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Int J Geriatr Psychiatry. 2019 Nov 11. doi: 10.1002/gps.5231. [Epub ahead of print]

Impact of an intervention to support hearing and vision in dementia: The SENSE-Cog Field Trial.

Author information

1
Global Brain Health Institute, Trinity College Dublin, Dublin, Ireland.
2
Division of Neuroscience and Experimental Psychology, University of Manchester, Manchester, UK.
3
Institute of Applied Research, Development and Further Education, Catholic University of Applied Sciences Freiburg, Freiburg, Germany.
4
Department of Communication Sciences and Disorders, University of South Florida, Tampa, FL.
5
Division of Psychology and Mental Health, University of Manchester, Manchester, UK.
6
Manchester Centre for Health Economics, University of Manchester, Manchester, UK.
7
Department of Health Sciences, European University Cyprus, Nicosia, Cyprus.
8
INSERM, EUCLID/F-CRIN Clinical Trials Platform, University of Bordeaux, Talence, Aquitaine, France.
9
Centre for Applied Neurosciences, University of Cyprus, Nicosia, Cyprus.
10
Manchester Centre for Audiology and Deafness, University of Manchester, Manchester, UK.
11
Department of Audiology, Starkey Hearing Technologies, Stockport, UK.
12
Centre for Biostatistics, University of Manchester, Manchester, UK.
13
INSERM, Bordeaux Population Health Research Center, Team LEHA, University of Bordeaux, Talence, Aquitaine, France.
14
Research and Development, Essilor International, Paris, France.

Abstract

OBJECTIVES:

Hearing, vision, and cognitive impairment commonly co-occur in older adults. Improving sensory function may positively impact outcomes in people with dementia (PwD). We developed a "sensory intervention" (SI) to support hearing and vision in PwD. Here, we report the findings of an international open-label field trial, and nested case series, to explore the impact of the SI on dementia-related outcomes.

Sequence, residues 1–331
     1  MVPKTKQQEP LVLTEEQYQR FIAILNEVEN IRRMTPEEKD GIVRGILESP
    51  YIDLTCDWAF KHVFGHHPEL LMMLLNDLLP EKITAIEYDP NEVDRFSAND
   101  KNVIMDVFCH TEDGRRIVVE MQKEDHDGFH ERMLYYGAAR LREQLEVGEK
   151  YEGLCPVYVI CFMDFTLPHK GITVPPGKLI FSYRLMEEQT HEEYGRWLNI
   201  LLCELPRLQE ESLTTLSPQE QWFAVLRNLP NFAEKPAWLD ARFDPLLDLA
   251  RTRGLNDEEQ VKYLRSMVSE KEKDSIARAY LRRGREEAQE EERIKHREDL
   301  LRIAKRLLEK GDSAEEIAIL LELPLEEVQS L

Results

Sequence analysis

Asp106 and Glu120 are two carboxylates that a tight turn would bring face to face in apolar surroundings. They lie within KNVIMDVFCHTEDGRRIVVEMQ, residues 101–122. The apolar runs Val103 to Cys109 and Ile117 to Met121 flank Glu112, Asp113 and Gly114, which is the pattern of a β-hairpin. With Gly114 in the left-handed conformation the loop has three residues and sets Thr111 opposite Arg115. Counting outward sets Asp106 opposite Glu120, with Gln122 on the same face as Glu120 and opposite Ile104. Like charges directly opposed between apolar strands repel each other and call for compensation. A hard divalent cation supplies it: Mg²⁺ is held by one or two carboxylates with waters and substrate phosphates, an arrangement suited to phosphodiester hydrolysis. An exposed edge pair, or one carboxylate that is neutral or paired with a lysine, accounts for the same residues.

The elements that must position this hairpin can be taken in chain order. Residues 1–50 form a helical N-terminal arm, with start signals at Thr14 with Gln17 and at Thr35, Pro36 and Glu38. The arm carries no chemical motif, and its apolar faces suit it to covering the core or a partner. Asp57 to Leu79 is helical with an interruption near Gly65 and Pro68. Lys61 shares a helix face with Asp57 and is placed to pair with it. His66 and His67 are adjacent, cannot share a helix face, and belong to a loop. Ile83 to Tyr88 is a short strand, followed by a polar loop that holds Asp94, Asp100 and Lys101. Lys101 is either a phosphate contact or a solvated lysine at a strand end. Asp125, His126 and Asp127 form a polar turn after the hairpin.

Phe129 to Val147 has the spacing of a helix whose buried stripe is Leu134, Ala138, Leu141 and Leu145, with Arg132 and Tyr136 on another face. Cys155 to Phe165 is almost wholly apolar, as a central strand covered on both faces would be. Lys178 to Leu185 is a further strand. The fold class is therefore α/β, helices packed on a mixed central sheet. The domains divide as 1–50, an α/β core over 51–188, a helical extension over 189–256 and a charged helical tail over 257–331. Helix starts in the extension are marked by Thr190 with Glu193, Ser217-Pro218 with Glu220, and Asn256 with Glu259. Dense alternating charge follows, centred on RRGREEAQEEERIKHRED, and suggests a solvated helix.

METHODS:

This was a home-based trial conducted in France, England, and Cyprus. Participants were people with mild-to-moderate dementia and hearing and/or vision impairment (n = 19) and their study partners (unpaid carers; n = 19). The "basic" SI included a hearing and vision assessment and provision of glasses and/or hearing aids. A subsample received the "extended" SI with additional weekly visits from a sensory support therapist (SST). Exploratory analyses of dementia-related, health utility and resource utilisation outcomes were performed.

RESULTS:

Quality of life (QoL) and sensory functional ability improved. Change in QoL exceeded the threshold for a minimum clinically important difference. There was a modest improvement (in absolute terms) post intervention in behavioural disturbance, self-efficacy, and relationship satisfaction. Study partner time assisting instrumental activities of daily living (iADL) and supervision decreased by about 22 and 38 hours per month, respectively, although time for personal ADL support increased. Qualitative data supported effectiveness of the intervention: PwD were more socially engaged, less isolated, less dependent on study partners, and had improved functional ability and communication.

CONCLUSIONS:

These findings support the need for a definitive randomised controlled trial (RCT) to evaluate the effectiveness of the intervention.

KEYWORDS:

complex intervention; dementia; hearing impairment; quality of life; resource utilisation; vision impairment

PMID:
31713262
DOI:
10.1002/gps.5231

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